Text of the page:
Puppy “Zulu”, a.k.a. Cayenne
    When I first brought Zulu home in April of 2008, two of us had to pry her from the back of the travel crate. She had been swimming in a pond at the foster home and had probably peed on herself during the car ride. Poor girl; she was a mess. She smelled so awful that I had to give her a bath before she could live in my house. She wasn’t comfortable with me or the bathtub, but she gradually began to relax with my gentle massage and kind words.
    I quickly realized that Zulu got along with other dogs, but wasn’t comfortable with people. She hadn’t had a bad experience with people – she seemed to have had almost no experience with people. She must have spent a lot of time huddled in the back of a crate. Her feet splayed like stars, indicating that she had spent most of her time hiding and hadn’t gotten enough exercise. She wobbled on an under-developed rear end. Her hocks were so flimsy, they almost bent backwards.
    She hadn’t learned much from her mother either. Canine etiquette was beyond her. She lacked social skills and was clumsy around the other dogs, crashing into them and barking hysterically when they defended themselves. Sometimes she didn’t have a clue.
    She had skin allergies and a nervous habit of scratching and licking herself, creating bald patches on her side and rear end. What was I going to do with this poor girl? I had worked with a dog who was fine with people, but terrified of other dogs. I hadn’t worked with a dog who was fine with other dogs, but terrified of people. I had a lot to learn!
    Bandit, Chase and I began the long process of letting Zulu get used to us. For the longest time, she hid out and avoided eye contact. She was afraid of the dark and didn’t want to go outside for the last potty break before bed, even when I turned the yard lights on and went out with her. At first, we didn’t do any formal training, other than letting her follow the other dogs’ example for the house rules, and teaching her to walk on a leash with me. I just wanted her to learn how to be a dog and be comfortable in her own skin.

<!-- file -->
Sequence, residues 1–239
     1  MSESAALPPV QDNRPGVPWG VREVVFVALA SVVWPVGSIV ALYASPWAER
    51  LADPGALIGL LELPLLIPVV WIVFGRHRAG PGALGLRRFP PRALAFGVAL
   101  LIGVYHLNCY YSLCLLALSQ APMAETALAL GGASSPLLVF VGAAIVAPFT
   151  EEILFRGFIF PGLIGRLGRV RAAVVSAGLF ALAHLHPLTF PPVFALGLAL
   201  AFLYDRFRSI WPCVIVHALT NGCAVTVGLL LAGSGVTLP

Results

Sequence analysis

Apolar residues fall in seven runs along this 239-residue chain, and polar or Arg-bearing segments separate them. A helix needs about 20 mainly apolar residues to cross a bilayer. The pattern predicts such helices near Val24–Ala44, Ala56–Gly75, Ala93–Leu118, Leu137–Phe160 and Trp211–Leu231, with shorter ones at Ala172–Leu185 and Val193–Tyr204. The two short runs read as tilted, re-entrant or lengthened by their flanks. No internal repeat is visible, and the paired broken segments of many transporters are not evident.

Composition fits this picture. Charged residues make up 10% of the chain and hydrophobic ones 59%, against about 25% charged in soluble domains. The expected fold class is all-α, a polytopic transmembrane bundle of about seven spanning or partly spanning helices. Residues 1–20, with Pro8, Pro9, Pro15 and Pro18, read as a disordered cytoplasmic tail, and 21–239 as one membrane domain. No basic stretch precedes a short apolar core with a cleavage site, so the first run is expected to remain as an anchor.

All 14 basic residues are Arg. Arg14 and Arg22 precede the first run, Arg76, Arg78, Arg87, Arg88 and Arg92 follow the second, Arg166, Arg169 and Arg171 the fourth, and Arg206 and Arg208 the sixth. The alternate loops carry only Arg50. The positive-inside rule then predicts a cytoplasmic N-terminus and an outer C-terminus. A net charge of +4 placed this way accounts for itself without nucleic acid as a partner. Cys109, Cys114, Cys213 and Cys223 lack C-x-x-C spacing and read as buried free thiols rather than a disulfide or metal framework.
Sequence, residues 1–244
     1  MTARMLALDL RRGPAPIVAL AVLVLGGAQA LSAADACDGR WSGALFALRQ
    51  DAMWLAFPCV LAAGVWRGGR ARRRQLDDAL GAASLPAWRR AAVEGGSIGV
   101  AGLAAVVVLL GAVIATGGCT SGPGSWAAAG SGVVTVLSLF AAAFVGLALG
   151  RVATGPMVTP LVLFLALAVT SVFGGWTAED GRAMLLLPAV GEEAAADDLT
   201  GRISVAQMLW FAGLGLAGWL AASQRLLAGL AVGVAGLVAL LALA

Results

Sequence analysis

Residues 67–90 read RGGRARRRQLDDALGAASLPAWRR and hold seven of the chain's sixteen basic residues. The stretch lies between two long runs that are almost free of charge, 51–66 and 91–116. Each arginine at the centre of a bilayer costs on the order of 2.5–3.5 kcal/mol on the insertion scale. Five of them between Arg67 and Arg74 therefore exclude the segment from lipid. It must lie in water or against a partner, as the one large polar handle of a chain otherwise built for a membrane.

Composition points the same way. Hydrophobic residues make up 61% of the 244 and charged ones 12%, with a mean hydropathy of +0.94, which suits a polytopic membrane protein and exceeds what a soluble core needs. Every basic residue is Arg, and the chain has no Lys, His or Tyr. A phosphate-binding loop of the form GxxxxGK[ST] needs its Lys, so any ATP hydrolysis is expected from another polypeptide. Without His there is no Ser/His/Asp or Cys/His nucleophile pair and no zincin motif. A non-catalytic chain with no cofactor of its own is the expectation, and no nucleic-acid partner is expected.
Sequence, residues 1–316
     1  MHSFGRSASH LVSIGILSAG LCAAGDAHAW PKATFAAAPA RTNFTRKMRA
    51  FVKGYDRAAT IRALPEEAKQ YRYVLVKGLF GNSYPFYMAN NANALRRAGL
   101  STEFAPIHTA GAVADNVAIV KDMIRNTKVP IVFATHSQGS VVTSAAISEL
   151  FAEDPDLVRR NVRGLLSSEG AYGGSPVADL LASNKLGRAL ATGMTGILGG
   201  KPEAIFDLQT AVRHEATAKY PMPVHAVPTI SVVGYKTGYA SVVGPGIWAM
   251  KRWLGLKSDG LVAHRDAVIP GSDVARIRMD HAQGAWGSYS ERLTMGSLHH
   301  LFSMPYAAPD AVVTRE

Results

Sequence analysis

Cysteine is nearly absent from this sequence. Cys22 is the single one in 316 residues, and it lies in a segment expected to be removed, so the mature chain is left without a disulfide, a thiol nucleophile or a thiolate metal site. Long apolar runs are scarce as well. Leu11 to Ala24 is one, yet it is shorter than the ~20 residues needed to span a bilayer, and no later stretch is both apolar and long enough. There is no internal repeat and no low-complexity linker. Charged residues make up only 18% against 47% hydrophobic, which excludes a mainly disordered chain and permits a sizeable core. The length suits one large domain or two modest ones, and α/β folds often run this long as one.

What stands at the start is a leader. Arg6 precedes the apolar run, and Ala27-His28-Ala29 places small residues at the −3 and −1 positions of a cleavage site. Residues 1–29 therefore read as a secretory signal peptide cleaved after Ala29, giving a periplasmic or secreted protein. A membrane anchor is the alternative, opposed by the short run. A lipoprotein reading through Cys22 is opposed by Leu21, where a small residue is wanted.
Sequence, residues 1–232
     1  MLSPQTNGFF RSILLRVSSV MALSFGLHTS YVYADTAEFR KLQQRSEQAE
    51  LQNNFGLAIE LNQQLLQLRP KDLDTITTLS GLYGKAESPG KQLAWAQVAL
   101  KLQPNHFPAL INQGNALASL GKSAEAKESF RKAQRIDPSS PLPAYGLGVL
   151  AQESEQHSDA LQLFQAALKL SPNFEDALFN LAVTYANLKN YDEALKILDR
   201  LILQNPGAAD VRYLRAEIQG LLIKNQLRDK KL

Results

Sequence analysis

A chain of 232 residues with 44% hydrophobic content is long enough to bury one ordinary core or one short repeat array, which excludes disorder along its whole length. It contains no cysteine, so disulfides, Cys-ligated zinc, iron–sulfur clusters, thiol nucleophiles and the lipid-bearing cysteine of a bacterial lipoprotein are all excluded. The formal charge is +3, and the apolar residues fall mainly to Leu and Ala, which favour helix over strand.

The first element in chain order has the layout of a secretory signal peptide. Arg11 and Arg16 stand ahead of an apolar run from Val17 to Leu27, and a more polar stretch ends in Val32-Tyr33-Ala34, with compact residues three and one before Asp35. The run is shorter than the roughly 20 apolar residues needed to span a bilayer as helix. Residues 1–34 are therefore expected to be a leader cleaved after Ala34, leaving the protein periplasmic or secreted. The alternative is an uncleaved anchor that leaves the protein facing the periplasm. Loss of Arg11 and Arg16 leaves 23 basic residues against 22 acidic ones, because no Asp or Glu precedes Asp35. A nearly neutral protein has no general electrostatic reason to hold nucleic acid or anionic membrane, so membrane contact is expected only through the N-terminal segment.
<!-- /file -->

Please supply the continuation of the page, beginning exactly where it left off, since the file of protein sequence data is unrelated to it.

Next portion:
On June 3, 2008, I wrote in my blog:
    Cay came when I called her today! She was hungry and saw me give a treat to Chase! Chase comes on a whistle and Bandit comes when called by name. Without formal training, Cay has picked up on the whistle. Now when I whistle, she races Chase to get to me first.
    Cay still doesn’t like to go out in the dark early in the morning or late at night, even with the porch and yard lights on. I have to put a leash on her in the evening to take her out in the yard. I think her fear of the dark is left over from being dumped in the wilderness with her littermates. Who knows what was out there in the dark. I’ve found that rescued dogs come with different fears and anxieties and we don’t always know what caused them. I’ve never had a dog before that I knew to be afraid of the dark.
    Somehow everyone decided that this dog belonged with me.  I was the last to know.
    Cay rode along when my other dogs went to herd sheep and cattle. There she met new people who gave her praise and treats, and she saw different kinds of animals. She climbed hills and went on walks every day with my other dogs and me, running and playing in a big fenced field. Her muscles developed and her coat took on a healthy sheen. After months with us she looked me in the eye one day and, for the first time, I noticed the depth of her gorgeous dark brown eyes. I realized then that she had never looked directly back at me before, but had always turned her head away. Now she was looking back and she had the most beautiful dark brown eyes I had ever seen.
    Somehow everyone decided that this dog belonged with me. I was the last to know. I really resisted keeping a third dog. She was needy, unstable, hard on the other dogs and made our lives more complicated. But then I noticed that the people who inquired about her seemed to be needy, unstable, and complicated – the last thing she needed. When I saw her making gradual progress, I didn’t want to disrupt her life again. And so she is still here.
    Cayenne, August 2008
    I began to call her Cayenne, because her darker highlights are the color of cayenne pepper. Plus I knew there was some spice inside her somewhere – we just had to find it.